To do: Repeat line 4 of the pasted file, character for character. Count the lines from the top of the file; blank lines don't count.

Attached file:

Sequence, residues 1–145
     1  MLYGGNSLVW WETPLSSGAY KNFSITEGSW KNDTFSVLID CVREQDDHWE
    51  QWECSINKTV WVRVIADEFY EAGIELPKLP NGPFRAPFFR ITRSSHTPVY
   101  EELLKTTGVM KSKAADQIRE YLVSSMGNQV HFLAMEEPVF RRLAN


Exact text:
   101  EELLKTTGVM KSKAADQIRE YLVSSMGNQV HFLAMEEPVF RRLAN